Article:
Gas pipeline queries mount
More transparency along with stronger safety testing regulations are needed when it comes to ensuring natural gas is transported safely, according to industry and elected officials who gathered in San Bruno last night.
The legislative forum hosted by Assemblyman Jerry Hill, D-San Mateo, drew just over 100 people — many from the media — and was punctuated by outbursts with questions about the lack of review for utility companies. People were curious about the types of testing available, expert opinions on approaching regulation and why utility companies like Pacific Gas and Electric are granted money for infrastructure enhancements that no one double-checks to see if they are implemented. The three-hour conversation on natural gas infrastructure integrity and vulnerability was one of many conversations since the Sept. 9 natural gas explosion and fire that killed eight, injured many and destroyed numerous homes in San Bruno's Glenview neighborhood.
Mayor Jim Ruane was clear about what changes residents of San Bruno, and arguably those watching this investigation up to the federal level, are looking for: the highest level of protection; stringent inspections; easy-to-understand public information; strong regulatory oversight; and a detailed emergency plan shared with emergency response officials.
The meeting's tone was that of a hunger for more information but also frustration.
"We are here to find out what happened, not to point fingers. To make sure safety is the number one priority," said Assemblyman Steven Bradford, D-Gardena. "And to make sure you as the ratepayer aren't held responsible for making these improvements."
Transparency was a big issue, particularly for Assemblywoman Fiona Ma, D-San Francisco. Ma took particular issue with the California Public Utilities Commission, which oversees utilities like PG&E but does not answer to state legislators and whose members are appointed by the governor.
"There has to be more accountability; transparency; some responsibility to answer these questions. I'm frustrated. I've been frustrated the last four years when we've asked these questions," she said.
Another issue was the relationship between the CPUC and utility companies. While a company like PG&E will come forward with a capital improvement plan and request access to funds, it is not required to complete the projects put forward in the request.
Hill pointed to a portion of line 132, the line which exploded, located in South San Francisco that was said to need $5 million in improvements in 2007, be fine in 2008, and in 2009 once again be too high of a risk.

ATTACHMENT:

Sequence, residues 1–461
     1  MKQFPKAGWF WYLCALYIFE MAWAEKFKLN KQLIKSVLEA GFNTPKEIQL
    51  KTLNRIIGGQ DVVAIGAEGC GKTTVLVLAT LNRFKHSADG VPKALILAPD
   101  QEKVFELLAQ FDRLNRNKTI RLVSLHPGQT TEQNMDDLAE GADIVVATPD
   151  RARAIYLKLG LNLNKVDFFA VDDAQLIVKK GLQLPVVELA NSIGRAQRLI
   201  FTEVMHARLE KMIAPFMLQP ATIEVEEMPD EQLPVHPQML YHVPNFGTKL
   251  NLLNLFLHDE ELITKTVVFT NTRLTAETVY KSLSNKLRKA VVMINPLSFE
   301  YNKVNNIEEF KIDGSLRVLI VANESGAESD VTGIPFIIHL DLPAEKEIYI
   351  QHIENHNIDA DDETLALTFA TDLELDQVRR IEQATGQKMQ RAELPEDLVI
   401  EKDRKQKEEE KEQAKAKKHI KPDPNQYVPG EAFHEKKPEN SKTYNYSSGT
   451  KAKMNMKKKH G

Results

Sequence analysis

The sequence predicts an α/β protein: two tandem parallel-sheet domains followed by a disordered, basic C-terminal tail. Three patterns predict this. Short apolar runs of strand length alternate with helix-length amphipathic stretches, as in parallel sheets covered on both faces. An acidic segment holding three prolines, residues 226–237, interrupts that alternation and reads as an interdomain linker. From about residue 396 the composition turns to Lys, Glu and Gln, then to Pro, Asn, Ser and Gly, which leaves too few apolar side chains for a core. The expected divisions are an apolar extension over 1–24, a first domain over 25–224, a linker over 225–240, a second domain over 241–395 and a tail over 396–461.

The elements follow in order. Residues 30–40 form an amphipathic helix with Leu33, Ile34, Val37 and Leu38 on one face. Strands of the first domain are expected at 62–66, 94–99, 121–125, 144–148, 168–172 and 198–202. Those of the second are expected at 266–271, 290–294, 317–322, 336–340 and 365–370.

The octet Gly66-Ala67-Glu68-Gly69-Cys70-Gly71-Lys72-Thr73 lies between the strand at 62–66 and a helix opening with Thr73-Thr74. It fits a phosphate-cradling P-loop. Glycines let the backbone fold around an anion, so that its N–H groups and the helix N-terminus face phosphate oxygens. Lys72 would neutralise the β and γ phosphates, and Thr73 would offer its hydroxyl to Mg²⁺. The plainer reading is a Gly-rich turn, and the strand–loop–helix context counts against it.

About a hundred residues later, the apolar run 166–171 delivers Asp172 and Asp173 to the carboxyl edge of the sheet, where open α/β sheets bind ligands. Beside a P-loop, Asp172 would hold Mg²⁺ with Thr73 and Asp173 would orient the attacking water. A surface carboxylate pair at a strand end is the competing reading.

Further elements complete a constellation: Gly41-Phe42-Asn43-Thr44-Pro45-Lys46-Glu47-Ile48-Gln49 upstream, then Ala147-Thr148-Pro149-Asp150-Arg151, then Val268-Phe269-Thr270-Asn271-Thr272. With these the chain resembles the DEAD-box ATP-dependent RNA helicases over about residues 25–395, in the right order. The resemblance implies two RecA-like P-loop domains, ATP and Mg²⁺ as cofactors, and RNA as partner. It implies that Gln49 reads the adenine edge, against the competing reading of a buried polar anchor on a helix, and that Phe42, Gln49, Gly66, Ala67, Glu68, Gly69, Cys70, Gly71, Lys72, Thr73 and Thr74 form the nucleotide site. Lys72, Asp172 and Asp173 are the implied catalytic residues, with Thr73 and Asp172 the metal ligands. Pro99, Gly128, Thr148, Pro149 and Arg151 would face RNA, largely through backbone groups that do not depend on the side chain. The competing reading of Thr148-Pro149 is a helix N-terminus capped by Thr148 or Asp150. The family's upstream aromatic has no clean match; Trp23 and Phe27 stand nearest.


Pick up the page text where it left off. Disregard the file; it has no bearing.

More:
"Did anyone know what they were doing with the funds? Why aren't those established criteria?" Hill asked.
CPUC Executive Director Paul Clanon agreed it was a hole in the regulation, but that the money was used for other improvements.
"How?" many people from the audience asked out loud without getting any real answer.
Assemblyman Tom Ammiano, D-San Francisco, noted there was no real answer given.
"I've heard you worm out of the $5 million question multiple times. I'm distressed by the spin. I would advise you to re-examine what your answers will be. I know we're making you squirm," he said.
The fact that CPUC hasn't issued fines to utility agencies in years was also a concern. Clanon explained not issuing fines encourages organizations like PG&E to come forward when they spot a problem so the two agencies can work together.
"I don't understand. We don't [fine utility companies] because we want them to step forward? You have to have kids; you have to know there's more than discipline and oversight than we're not going to fine them so they step forward. That's Disneyworld. That's not the corporate world," Ammiano said.
A second panel of leading experts was given about an hour at the end of the evening to discuss testing methods and safety. Their points of view at times differed from information provided by Kirk Johnson, vice president of gas engineering and operations for PG&E, who had left by this portion of the evening.
Since the explosion and fire, Johnson listed safety precautions taken to check the rest of the line like leak surveys, reducing pressure, releasing information and reviewing emergency protocols.
Surveying has been done in a couple of ways, but mostly through visual observations like people walking the line or flying over and looking for dead vegetation, a sign of a possible leak.
Rick Kuprewicz, a 37-year energy industry expert who recently testified before Congress on gas infrastructure and safety, took issue with flyovers which were never intended to be used as an integrity assessment.
A number of questions couldn't be answered by PG&E due to the ongoing investigation on the incident by the National Transportation Safety Board, which people estimated could take up to 18 months after it began.
Kuprewicz called for preliminary results to be released soon.
"NTSB needs to release preliminary findings. I have a lot of respect for NTSB, but it's a pipe. It only fails in so many ways," he said.
All involved in the panels cautioned about making multi-million safety changes until it was clear why the gas line failed.